Some Thoughts About the Call of Duty: WWII Single-Player Campaign

Posted on November 4, 2017 by Paul Thurrott in Games, Xbox One with 19 Comments

Some Thoughts About the Call of Duty: WWII Single-Player Campaign

Call of Duty: WWII takes the franchise back to its World War II roots. And while I still have reservations about the future, the single-player game has surprised me. In a good way.

I’ve explained my reservations a few times over the past year.

When Activision announced that it was returning to the World War II setting for the next Call of Duty, I noted that World War II was not the answer for a blockbuster game franchise that has lost its way.

“As with last year’s blockbuster Battlefield comeback, Battlefield 1—which features a World War I setting and very strong single-player campaign—Activision is not surprisingly plumbing its past, and nostalgia, in an effort to regain the support of its biggest fans,” I wrote. “But its biggest fans want more Modern Warfare or Black Ops multiplayer mayhem. Not this. Not really.”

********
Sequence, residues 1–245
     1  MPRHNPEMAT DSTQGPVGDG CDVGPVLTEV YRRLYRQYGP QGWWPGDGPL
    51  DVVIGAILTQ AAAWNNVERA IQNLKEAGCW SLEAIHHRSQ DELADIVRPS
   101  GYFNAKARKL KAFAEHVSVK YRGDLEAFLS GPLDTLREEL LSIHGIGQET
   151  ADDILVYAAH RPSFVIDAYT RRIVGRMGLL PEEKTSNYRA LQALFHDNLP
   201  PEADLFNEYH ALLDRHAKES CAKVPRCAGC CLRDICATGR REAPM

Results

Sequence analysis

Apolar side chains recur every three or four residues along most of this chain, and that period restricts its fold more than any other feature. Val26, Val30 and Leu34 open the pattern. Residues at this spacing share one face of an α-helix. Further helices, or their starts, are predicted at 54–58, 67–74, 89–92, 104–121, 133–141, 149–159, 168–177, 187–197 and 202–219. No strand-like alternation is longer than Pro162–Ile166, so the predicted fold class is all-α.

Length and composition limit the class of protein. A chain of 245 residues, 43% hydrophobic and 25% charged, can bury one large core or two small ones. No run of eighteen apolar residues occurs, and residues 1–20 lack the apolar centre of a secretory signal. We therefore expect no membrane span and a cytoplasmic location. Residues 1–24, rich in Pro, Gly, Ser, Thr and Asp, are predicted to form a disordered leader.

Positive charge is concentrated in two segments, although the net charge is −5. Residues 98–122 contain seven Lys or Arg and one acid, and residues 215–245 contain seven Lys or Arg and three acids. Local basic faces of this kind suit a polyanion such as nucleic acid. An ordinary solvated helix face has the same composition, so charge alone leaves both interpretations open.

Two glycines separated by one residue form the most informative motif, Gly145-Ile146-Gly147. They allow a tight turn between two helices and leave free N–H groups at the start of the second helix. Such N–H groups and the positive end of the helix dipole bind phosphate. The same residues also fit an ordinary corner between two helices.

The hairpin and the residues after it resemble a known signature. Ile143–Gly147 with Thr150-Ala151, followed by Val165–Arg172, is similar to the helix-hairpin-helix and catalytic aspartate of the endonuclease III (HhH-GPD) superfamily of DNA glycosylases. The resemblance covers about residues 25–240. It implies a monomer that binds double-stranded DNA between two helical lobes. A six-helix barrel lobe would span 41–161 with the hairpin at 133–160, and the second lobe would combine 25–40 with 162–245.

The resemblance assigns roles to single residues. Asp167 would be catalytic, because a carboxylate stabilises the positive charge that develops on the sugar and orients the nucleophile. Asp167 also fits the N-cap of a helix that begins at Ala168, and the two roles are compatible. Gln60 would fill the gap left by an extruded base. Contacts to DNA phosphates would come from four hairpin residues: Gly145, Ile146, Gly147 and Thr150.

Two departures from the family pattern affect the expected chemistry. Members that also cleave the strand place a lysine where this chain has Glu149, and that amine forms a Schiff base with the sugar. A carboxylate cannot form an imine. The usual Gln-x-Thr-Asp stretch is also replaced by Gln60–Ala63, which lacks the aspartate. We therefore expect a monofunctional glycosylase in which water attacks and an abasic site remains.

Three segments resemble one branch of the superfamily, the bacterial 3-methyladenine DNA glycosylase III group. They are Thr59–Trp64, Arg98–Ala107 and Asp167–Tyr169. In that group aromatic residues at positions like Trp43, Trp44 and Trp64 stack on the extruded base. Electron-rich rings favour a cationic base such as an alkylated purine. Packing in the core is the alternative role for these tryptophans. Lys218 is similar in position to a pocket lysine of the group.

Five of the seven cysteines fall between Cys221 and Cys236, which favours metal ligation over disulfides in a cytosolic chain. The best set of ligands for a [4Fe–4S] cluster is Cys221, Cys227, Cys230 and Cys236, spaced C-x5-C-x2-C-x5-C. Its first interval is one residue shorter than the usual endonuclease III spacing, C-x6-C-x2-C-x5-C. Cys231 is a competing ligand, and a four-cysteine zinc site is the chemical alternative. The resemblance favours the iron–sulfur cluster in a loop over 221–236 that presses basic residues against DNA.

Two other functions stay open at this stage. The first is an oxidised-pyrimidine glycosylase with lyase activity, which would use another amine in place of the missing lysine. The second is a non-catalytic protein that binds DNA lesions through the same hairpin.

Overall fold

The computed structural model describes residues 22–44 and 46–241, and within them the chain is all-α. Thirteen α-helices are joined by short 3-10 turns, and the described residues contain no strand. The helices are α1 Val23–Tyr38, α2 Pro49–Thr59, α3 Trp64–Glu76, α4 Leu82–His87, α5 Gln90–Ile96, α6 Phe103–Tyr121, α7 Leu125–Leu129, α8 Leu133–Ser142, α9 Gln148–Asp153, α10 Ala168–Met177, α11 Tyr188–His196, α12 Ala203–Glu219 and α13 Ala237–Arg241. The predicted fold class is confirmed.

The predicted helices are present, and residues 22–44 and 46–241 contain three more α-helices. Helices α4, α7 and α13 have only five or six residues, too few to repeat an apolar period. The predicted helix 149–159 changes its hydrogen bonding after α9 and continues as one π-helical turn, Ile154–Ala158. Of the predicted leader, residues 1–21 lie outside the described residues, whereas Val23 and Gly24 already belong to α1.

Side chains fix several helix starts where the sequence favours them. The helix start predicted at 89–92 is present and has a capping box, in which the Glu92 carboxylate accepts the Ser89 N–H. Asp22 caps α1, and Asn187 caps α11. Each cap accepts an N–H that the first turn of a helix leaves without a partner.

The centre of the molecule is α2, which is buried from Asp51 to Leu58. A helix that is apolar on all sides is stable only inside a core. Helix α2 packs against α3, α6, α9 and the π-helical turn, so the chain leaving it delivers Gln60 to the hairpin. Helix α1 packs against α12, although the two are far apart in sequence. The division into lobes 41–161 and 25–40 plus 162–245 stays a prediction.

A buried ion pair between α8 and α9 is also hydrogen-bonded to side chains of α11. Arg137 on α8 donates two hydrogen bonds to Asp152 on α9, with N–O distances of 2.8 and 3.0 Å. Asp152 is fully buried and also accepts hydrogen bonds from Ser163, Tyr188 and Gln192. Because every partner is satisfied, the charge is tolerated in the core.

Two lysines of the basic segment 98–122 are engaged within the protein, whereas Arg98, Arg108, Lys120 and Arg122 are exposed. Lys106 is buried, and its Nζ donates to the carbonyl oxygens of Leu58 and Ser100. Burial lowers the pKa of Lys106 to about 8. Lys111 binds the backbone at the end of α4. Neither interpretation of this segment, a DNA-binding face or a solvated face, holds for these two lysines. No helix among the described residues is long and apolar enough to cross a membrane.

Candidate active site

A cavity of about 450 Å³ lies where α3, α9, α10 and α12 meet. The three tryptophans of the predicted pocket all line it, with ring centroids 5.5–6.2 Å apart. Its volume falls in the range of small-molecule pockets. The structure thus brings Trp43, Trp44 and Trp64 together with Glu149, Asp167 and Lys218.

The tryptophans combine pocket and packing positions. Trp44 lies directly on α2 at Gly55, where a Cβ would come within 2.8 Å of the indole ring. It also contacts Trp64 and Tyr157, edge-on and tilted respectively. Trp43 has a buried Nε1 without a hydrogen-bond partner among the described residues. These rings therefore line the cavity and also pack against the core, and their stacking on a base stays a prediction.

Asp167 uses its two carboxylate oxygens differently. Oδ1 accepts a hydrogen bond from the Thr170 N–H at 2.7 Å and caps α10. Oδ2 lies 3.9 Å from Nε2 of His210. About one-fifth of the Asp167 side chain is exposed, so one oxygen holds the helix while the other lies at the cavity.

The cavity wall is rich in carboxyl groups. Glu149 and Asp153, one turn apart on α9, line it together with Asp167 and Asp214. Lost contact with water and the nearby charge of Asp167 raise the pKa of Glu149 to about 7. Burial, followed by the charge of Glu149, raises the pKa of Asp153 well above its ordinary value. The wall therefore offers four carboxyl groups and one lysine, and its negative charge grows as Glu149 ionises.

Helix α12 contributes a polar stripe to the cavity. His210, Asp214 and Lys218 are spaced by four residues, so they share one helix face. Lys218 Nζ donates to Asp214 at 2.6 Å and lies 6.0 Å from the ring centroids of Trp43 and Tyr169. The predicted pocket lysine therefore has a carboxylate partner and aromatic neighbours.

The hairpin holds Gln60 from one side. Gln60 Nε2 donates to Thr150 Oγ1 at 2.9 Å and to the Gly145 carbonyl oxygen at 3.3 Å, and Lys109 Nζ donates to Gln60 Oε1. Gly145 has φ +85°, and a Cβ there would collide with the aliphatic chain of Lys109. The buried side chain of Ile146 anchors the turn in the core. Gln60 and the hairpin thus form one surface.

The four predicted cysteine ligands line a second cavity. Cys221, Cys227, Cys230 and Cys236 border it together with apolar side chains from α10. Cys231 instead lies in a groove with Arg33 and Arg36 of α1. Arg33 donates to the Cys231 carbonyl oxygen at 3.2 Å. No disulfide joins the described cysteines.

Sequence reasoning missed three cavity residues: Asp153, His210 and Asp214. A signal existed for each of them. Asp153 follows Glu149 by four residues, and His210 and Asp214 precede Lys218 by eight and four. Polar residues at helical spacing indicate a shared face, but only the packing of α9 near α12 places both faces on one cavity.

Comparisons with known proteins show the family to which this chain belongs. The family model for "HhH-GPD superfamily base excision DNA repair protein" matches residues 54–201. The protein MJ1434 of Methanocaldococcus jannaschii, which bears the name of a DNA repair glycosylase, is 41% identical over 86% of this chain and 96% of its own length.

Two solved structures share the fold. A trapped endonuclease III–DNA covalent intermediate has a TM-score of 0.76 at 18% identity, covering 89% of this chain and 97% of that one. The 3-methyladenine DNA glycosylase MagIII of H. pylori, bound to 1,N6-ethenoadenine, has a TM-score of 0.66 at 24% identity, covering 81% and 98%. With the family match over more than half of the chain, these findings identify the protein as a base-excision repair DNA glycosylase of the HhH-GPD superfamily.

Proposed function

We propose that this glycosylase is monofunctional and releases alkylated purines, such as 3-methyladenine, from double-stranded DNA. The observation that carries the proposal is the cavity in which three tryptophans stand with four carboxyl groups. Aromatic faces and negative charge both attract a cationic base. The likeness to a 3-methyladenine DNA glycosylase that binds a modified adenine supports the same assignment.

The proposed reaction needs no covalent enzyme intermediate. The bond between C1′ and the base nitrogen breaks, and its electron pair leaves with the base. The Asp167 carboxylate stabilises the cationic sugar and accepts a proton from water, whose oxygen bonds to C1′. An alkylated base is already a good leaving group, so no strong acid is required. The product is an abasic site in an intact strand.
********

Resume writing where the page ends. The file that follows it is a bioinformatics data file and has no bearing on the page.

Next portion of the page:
In August, when I had the chance to test the Call of Duty: WWII multiplayer experience in beta, I described it as an unwelcome throwback.

“I can’t see Activision creating a new series out of this war,” I explained. “And that, ultimately, is the problem: The real failures of Ghosts, Advanced Warfare, and Infinite Warfare [three of the past four COD titles] is that they did not garner enough interest to grow them into three-game arcs that could help pad out a decade of gaming. Each was designed for that purpose. And each failed.”

Call of Duty is complicated. It is the most successful video game franchise of all time, by far. And even those failures—all of them—were, in fact, the best selling games of their respective years. Calling them failures thus requires a bit of perspective and understanding. That is, compared to the rest of the industry, Call of Duty is always wildly successful. But compared its own past, these recent COD games have been duds.